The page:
The State’s Duty to Prevent Child-on-Child Sexual Abuse in Foster Care

By Loren A. Cochran, Cole B. Douglas, and Bridget T. Grotz. 

Foster care often involves caring for children who have suffered child abuse or neglect. For example, a 2009 study reported that in a sample size of 155 girls in foster care up to 81% reported being sexually abused, and of those, 68% reported being sexually abused by more than one individual.

While most children who have been sexually abused do not go on to commit sexual offenses themselves, past sexual victimization can increase the likelihood of sexually aggressive behavior. Because of the amount of foster care children who have been sexually abused, child-on-child sexual abuse is a recognized problem in the foster care system. Specifically, Washington State has openly acknowledged the danger of sexually predatory children placed in foster care.

Despite acknowledging the issue of sexually predatory foster children, the State has consistently claimed an absence of duty to prevent child-on-child sexual abuse. Recently, however, a King County Court found that a duty can exist where the State’s actions amount to misfeasance, rather than nonfeasance, under Section 302B of the Restatement (Second) of Torts.

The Underlying Facts: 

In October 2013, Susan and Matthew Cook considered expanding their family through the Department of Social and Health Services’ (“DSHS”) foster-to-adopt program.[1] At the time, the Cook’s already had three young biological children, but they were committed to teaching their family the importance of giving back to the community. In order to best protect their family, Susan and Matthew informed their licensing social worker that they would need to consider a placement on a case-by-case basis and their placement decision would be based on information provided by the department.

In February 2015, DSHS asked the Cooks to be considered as pre-adoptive placement for two siblings who had been “bumping” around multiple foster homes. Although Susan welcomed the idea of placement, the two children, Adam and Victoria, were older than what the family had requested and were licensed to foster. Susan and Matthew had younger biological children in the home, and they were concerned about bringing in older kids.

Before agreeing to the placement, Susan wanted to learn more about Adam and Victoria. She spoke with a DSHS representative and she spoke with two former foster parents of Adam and Victoria. Susan also received documented Child Information/Placement Referral (“CHIPR”) reports on each child. CHIPRs are designed to provide foster parents with a “clear indication” of any behavior concerns and family history. Adam’s and Victoria’s CHIPRs were short with no behavioral concerns listed. Also absent was any information regarding Adam’s and Victoria’s biological relatives and any issues their biological siblings may have been experiencing. Despite the absence of information disclosed to the Cooks, DSHS had significant safety concerns about Adam and Victoria, including signs of physical and sexual abuse. However, DSHS did not relay these concerns to the Cooks.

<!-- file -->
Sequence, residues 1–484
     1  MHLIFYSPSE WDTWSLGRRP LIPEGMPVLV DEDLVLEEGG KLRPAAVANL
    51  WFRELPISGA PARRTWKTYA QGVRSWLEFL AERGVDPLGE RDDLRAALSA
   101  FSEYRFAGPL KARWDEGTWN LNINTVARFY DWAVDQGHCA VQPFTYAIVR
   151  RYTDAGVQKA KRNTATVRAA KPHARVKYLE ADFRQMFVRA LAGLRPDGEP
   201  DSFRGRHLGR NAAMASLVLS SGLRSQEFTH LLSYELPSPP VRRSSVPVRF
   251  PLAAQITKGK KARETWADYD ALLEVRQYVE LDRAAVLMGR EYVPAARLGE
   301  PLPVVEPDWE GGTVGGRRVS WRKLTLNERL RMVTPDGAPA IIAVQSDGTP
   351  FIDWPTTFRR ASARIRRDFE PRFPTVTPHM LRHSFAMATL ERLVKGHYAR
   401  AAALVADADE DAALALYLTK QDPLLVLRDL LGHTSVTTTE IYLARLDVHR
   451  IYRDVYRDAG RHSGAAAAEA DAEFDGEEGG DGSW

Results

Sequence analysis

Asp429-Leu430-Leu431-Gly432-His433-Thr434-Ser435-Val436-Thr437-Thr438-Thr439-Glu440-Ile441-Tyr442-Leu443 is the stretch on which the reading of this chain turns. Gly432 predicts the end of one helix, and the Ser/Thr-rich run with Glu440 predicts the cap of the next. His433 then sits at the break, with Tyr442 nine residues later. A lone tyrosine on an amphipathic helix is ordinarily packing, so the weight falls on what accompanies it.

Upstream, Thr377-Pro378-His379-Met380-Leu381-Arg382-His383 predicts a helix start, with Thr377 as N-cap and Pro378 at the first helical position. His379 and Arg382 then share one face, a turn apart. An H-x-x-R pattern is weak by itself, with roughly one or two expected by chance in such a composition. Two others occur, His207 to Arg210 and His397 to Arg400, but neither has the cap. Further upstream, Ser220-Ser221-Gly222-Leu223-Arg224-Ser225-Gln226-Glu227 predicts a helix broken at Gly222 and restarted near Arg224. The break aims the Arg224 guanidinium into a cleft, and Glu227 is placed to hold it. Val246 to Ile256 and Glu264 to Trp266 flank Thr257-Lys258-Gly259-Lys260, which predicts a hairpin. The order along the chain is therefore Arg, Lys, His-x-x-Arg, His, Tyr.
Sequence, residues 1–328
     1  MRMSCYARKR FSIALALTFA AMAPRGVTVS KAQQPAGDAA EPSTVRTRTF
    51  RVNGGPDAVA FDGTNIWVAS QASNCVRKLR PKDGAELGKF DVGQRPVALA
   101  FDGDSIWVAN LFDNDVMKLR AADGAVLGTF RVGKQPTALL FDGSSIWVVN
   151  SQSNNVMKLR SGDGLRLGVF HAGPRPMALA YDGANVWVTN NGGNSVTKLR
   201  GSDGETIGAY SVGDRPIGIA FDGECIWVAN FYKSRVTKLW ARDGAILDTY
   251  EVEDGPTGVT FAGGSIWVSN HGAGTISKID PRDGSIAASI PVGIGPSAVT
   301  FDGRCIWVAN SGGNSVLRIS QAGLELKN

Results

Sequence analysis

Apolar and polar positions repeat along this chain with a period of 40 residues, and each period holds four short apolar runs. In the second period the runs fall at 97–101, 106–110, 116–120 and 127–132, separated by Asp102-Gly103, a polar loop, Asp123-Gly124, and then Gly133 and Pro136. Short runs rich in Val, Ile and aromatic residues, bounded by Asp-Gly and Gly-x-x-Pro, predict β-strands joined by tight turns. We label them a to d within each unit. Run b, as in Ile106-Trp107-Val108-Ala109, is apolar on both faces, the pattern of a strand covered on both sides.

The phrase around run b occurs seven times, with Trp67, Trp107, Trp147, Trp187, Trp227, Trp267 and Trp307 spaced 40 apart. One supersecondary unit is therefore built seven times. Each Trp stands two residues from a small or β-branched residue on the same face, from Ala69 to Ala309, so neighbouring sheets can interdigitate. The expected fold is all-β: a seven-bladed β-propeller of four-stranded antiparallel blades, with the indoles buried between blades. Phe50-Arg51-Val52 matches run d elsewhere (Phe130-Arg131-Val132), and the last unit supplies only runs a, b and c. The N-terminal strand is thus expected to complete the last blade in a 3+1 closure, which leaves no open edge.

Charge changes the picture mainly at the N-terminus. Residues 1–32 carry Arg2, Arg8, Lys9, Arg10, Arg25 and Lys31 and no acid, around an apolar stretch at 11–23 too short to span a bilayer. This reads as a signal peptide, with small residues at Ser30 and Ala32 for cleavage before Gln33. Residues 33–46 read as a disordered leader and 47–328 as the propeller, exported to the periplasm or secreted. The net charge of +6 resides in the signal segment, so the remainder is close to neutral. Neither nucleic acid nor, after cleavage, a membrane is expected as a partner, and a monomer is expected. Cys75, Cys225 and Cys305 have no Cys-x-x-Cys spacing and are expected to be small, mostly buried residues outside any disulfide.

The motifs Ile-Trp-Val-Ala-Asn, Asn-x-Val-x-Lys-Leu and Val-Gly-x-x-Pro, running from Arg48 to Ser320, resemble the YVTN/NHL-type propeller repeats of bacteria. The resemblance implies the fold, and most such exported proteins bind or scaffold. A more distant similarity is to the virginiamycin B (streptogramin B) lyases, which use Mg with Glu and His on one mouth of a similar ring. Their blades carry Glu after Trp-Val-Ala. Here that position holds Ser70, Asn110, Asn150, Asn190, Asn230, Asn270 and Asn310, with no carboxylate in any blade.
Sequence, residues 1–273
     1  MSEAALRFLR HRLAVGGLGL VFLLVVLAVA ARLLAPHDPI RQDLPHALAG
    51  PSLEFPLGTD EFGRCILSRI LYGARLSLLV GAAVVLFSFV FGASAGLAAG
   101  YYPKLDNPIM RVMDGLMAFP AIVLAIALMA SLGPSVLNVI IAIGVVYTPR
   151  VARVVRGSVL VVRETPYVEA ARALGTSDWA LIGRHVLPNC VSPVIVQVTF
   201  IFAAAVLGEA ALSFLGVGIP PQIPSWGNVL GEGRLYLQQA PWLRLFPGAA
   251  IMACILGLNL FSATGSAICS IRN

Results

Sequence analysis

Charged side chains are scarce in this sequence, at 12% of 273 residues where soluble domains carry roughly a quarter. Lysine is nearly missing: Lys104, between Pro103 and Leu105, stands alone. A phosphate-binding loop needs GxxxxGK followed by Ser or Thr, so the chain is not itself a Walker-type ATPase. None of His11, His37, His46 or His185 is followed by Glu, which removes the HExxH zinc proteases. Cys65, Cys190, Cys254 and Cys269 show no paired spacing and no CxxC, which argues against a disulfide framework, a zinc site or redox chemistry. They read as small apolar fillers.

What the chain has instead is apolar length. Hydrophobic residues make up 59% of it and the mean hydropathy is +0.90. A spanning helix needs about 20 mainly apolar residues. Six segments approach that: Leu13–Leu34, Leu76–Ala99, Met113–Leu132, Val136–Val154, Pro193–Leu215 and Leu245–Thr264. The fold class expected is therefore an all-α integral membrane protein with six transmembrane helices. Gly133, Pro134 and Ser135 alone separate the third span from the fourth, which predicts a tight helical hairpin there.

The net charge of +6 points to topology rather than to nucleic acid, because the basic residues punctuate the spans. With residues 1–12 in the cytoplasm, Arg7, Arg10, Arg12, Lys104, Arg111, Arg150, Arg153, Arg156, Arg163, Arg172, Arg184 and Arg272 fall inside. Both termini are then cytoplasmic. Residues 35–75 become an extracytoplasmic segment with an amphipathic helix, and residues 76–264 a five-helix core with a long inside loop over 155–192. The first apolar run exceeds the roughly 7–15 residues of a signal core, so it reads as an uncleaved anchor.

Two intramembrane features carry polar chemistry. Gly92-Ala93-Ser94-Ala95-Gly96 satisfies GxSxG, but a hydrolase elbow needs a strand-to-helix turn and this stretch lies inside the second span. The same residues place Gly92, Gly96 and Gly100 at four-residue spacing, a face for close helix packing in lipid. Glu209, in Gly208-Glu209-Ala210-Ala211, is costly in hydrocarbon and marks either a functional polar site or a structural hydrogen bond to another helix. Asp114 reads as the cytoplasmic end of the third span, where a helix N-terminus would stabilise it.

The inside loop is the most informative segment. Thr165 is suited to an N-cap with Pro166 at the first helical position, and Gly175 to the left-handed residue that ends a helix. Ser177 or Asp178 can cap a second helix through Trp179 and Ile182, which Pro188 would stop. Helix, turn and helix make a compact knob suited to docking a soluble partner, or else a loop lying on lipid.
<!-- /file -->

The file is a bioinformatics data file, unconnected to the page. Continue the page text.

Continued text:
With no reason to be concerned about any potential safety issues, the Cooks welcomed both foster children into their home. DSHS filed for an age-waiver on the family’s behalf so that children over age four were permitted to be fostered in their home. Following placement, Adam and Victoria continued exhibiting concerning and overtly sexualized behavior. Yet, DSHS disregarded this behavior and still said nothing about the children’s history.

In March 2016, DSHS received a referral from the Cook’s son’s elementary school. The child had been brought to the office for grabbing his peers’ privates. This school touching incident triggered a mandatory call to CPS. Despite receiving an allegation of child abuse and neglect, no CPS investigation ensued. Instead, a foster home licensing review took place. And again, DSHS provided the Cooks with no information about Adam’s or Victoria’s past.

In September 2016, Susan called DSHS informing the department that she had just learned that Adam had been sexually abusing their biological children. This disclosure led to a full DLR/CPS investigation into the abuse. In March 2017, the Cooks brought a negligence suit against the State for the abuse suffered by the Cook children. After discovery was completed, the State brought a motion for summary judgment seeking to dismiss the case because “Plaintiffs cannot… establish any legal duty on the part of DSHS.”

Affirmatively Placing Adam in the Plaintiffs’ Home Without a Warning Created a Duty for the State and DSHS

The trial court denied the State’s motion declaring that DSHS’s affirmative acts arguably exposed the plaintiffs to a recognizable high degree of risk of harm that would not have otherwise existed, thus implicating § 302B. Here, the State placed the danger, foster child Adam, into the Cook family’s home. In fact, DSHS pushed Adam’s and Victoria’s placement, disregarding the Cook’s specific request for younger children and then convincing them to take older children. Further, DSHS controlled all information about the sexual and physical abuse of Adam’s biological siblings. The State chose not to disclose this critical information to the foster parents while knowing this information made Adam a high risk of harm. Consequently, DSHS owed the plaintiffs a duty under § 302B based on the danger the State created.

Loren A. Cochran, Cole B. Douglas and Bridget T. Grotz are Tacoma trial attorneys specializing in sexual abuse and government liability.

[1]  All names have been changed due to the nature of the allegations and to protect the privacy of the juvenile sexual assault victims.